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They believe the most important thing  in choosing suppliers is a partnership.

“We want brands that work for us and we work for them. Because things can go wrong and it’s a two-way street when you need their help.”

Collaborative customer service

This collaborative relationship carries through to its customer service. “Communication is king”, declares Sophie, adding: “I had an appointment last week where a customer sent me a couple of Pinterest boards with images that she liked.

“When I presented the bathroom designs to her, the choices were a little bolder, however she loved it and understood I was working from her theme.

“It’s a collaborative process and it’s nice when you manage to give them a pleasant surprise.”

Abbie agrees: “It’s trust-based. Once they’ve chosen their bathroom and approved their design, they know in four to six month’s time, they’re going to have a brand new bathroom, as per the design.”

Spreading reputation

Such has been the company’s success, in the first year RVB had already been shortlisted as a New Retailer of the Year.

“It was nice encouragement to see we had put an impression on the industry”, says Abbie.

Ribble Valley Bathrooms | Becoming a NorthWest destination showroom

But she admits they often find it difficult to take time to measure their success. “We’re often so busy that we don’t take a step back and look at the business.”

However, Sophie adds: “Nothing gives us a better feeling than a really good review or if someone comes into the showroom and says ‘you did my friend’s bathroom and they recommended you’, then that’s a great measure of success.”

Covering a 30mile radius for design, supply and fit, their reputation and activity on Instagram has seen them gain clients from further afield.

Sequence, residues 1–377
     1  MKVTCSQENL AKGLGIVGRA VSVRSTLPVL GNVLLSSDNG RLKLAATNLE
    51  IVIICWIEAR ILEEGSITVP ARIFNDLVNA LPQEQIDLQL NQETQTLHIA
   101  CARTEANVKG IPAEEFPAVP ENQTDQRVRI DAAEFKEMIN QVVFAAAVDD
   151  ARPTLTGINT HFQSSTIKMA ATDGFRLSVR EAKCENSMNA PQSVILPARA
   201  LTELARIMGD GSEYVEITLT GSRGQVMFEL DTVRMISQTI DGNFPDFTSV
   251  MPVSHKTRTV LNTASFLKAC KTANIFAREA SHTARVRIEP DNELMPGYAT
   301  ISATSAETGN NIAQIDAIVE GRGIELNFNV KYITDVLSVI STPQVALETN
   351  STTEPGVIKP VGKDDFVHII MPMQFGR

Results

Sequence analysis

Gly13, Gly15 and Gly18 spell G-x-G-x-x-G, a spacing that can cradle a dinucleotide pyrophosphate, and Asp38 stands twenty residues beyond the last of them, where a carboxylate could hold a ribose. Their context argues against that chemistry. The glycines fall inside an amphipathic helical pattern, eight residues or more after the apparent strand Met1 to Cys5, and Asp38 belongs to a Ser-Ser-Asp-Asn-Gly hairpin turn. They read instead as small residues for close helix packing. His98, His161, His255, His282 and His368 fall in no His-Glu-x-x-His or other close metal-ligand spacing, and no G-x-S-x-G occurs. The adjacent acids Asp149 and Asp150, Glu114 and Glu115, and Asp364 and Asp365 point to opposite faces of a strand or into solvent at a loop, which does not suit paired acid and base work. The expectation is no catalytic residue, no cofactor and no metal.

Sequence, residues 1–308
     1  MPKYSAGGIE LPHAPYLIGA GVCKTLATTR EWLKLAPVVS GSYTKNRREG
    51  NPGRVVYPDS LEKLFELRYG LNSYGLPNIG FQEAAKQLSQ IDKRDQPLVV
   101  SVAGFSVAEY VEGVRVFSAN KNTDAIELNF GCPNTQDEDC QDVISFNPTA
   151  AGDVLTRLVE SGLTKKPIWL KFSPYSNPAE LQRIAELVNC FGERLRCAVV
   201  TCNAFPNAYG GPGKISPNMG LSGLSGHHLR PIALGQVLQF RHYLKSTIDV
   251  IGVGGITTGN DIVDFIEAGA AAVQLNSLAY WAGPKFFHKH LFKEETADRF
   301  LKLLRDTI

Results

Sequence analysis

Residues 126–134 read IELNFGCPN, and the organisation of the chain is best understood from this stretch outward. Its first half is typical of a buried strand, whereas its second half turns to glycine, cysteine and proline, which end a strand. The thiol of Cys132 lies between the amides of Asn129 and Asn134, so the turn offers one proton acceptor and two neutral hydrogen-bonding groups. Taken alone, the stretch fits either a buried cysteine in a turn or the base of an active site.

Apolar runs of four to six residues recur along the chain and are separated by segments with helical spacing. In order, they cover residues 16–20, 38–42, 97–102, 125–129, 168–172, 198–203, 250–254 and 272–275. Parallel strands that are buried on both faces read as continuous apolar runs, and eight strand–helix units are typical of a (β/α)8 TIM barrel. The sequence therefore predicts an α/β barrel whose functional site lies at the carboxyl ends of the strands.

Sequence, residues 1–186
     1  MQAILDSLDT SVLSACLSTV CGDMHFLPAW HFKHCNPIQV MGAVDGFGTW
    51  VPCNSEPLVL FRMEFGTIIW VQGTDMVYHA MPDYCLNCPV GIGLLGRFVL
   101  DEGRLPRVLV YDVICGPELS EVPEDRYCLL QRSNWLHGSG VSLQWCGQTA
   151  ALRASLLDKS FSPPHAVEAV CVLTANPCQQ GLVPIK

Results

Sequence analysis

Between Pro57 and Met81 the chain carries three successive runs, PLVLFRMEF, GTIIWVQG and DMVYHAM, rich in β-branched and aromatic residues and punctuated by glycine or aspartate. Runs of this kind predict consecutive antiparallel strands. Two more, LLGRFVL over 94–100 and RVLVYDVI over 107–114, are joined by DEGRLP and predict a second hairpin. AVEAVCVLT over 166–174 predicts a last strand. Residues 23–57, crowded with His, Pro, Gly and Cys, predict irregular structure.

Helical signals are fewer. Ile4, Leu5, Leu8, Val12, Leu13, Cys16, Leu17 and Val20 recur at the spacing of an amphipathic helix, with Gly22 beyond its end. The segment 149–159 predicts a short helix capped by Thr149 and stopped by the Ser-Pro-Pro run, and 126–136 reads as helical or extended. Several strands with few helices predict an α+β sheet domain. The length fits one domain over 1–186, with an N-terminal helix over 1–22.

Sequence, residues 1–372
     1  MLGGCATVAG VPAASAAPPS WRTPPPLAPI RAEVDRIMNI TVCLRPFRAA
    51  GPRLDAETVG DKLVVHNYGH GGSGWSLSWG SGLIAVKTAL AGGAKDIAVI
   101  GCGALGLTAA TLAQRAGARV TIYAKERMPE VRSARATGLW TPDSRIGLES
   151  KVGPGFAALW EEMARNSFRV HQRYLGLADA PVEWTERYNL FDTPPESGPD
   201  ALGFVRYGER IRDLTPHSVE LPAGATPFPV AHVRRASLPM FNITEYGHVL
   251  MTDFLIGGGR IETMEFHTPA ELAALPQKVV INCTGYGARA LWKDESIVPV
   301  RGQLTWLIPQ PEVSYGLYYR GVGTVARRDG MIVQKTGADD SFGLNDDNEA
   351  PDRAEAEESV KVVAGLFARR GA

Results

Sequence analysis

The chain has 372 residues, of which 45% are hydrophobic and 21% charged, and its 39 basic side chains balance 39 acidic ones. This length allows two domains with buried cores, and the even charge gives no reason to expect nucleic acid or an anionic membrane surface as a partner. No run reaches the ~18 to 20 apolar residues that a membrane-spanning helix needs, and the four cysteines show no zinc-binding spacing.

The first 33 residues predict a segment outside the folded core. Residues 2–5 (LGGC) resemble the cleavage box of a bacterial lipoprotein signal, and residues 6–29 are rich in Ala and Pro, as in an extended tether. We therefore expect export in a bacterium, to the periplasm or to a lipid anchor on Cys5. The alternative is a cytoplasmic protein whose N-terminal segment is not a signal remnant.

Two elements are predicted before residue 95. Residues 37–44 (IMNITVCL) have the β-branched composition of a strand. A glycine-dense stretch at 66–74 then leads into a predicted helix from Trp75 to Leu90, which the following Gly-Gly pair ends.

“I’ve just completed a full house project in Hertfordshire. Our clients came to the showroom to visit us and then we worked remotely.

“That means success to me -that people are willing to travel to us from further afield and want to use our services.”

Growth opportunities 

In fact, the pair have recently taken on a member of staff with the appointment of a sales design consultant to cater for the growth of the business.

Currently working six-days a week in the showroom, Sophie exclaims the sisters would like more work flexibility: “It’s probably our biggest challenge because the way we’ve set up the business is very much you deal with Abbie, Sophie, or now you’ll deal with Jess.

“That’s the biggest challenge, for sure, is finding the right people to get in.”

And adding to the growth of the team, Ribble Valley Bathroom is seeking additional fitters to serve more clients, as she continues: “We want to develop more relationships with fitters because we’re booked up four to six months in advance at the moment for design, supply and install.”

With the majority of its sales rooted in retail, they also want to extend the design and supply services to interior designers and the lucrative house build market through developers, says Abbie.

“I think the challenge with developers is for them to see the value in a retailer or in a design service, that bathrooms are really well thought out spaces. I think the industry is trying to overcome in relation to architects and developers”, adds Sophie.

Certainly the sisters have big plans for Ribble Valley Bathrooms, as Sophie concludes: “I would like to recognised in the Northwest, as somewhere to go if you want a beautiful, mid to high-end bathroom. I’d like us to be a recognised brand for that service.”